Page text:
• Kristin Jones
  • Kristin Jones, CEO Wallop! OnDemand

    Kristin Jones serves as Founder and CEO of Wallop! OnDemand, and she is known throughout the PR community for her dedication to improving PR measurement and analytics. She developed the Wallop! measurement, monitoring and analytics solutions to provide PR leaders with the tools they need to succeed in today's market. Kristin is also the owner and founder of Jones PR (www.jonespr.net), an agency best known for obtaining high-profile media coverage for its clients. Prior to founding Jones PR, Kristin spent several years working with two of the world's largest PR firms – Porter Novelli and Weber Shandwick – and has worked with a number of boutique PR agencies in Silicon Valley. Outside of work Kristin enjoys spending time outdoors with her family, reading, playing board games and exercising. She's a wine enthusiast, is fascinated by paleontology, and she loves a good crime-drama flick.
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Clients want to know: How can we improve our PR program?

Lately I’ve been weighing in on some of the different performance questions that clients ask PR teams. In this post I want to examine this topic further, and focus specifically on the following question that clients often ask: How can we improve our PR program?

It doesn’t matter how successful your program has been, at some point your client is going to come to you with a question like:

  • What PR efforts are working? What’s not working?
  • Where can we improve?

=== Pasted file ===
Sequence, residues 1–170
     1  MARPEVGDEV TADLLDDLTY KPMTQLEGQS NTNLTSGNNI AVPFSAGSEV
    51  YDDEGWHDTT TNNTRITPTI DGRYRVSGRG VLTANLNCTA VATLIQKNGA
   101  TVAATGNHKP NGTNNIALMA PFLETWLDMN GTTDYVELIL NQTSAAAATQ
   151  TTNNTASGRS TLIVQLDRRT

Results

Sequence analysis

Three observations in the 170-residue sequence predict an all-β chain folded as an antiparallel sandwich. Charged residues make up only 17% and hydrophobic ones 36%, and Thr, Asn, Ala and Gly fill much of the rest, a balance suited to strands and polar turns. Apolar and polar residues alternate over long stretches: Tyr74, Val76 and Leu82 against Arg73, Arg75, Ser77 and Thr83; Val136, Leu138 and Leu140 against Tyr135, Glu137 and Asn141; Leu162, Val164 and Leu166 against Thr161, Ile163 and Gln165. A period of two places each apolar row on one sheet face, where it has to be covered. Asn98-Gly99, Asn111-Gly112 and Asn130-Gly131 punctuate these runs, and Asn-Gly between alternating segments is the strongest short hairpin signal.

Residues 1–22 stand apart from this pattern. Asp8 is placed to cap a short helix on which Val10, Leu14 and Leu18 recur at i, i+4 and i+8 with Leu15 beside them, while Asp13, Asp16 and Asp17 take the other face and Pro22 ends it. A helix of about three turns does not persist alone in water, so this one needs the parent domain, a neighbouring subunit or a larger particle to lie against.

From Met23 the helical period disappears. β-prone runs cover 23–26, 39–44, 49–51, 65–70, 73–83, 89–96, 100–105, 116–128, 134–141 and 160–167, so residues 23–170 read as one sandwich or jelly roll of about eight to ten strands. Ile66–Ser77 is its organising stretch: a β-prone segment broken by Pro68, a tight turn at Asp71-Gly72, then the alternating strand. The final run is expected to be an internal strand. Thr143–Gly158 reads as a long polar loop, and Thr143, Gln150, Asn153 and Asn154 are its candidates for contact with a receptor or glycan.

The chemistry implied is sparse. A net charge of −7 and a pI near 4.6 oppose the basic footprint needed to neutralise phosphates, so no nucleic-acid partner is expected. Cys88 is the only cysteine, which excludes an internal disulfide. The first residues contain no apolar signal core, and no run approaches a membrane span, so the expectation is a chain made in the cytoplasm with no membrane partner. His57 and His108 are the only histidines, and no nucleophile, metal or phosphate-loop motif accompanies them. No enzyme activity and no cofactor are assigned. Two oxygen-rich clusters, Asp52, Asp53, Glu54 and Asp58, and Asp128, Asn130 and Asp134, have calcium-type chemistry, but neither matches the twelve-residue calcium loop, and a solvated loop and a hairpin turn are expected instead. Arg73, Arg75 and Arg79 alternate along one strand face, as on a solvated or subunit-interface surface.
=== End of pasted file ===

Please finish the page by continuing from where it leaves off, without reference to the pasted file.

• What can we learn from our competitors?

By knowing the answer to these questions you can keep a step ahead of your clients. That way you won’t be scrambling for answers when pressed for information on how the program can achieve even more. In order to win confidence and support from clients, it is important for agencies to be able to demonstrate forward thinking by effectively communicating fact based answers to questions.

So, if your client wants to know which PR efforts are working and which ones are not, how do you respond in a way that proves you aren’t just shooting from the hip – that you truly understand where you have (or have not) performed well?

Here is what you do: Make a list of the PR activities that were directly responsible for delivering positive results and meeting goals. Analyze your list and try to determine trends or factors that could lead to even greater future successes. Adjust your PR strategy accordingly. Also, make a list of PR activities that did not produce positive results and make plans to adjust or eliminate those activities. 

Here is a sample answer you could give if asked to explain what areas of your PR program are working or not working:

“Based on research and customer feedback we have identified increased product review coverage as a driving factor behind the 125% sales increase we saw last quarter. The team worked to increase total product reviews by 200%, securing a total of 48 product reviews worldwide. Since we have found evidence to suggest that nearly 1/3 of last quarter’s sales were influenced by product reviews, we plan to continue an aggressive push to achieve coverage that consists of at least 35% product reviews.”

“Conversely, our data shows that the customer referral program was only responsible for generating 2% of all sales this quarter. We are looking at making changes to how we promote the referral program in order to make it more enticing.”

Since evaluating what is and isn’t working requires looking at a number of different activities and factors, you absolutely want to have charts, graphs and other reports on-hand for your clients to view. This will help clients visualize the results you are reporting, along with the plan you’re laying out for future efforts.

If you are committed to getting the best results from PR, you should know what PR efforts are – and are not – working long before you’re confronted by a client. The only way to know this is by measuring and analyzing your PR efforts on an ongoing basis. Then, when the client does ask, it just becomes a matter of communicating your findings and showing your client some supporting data.


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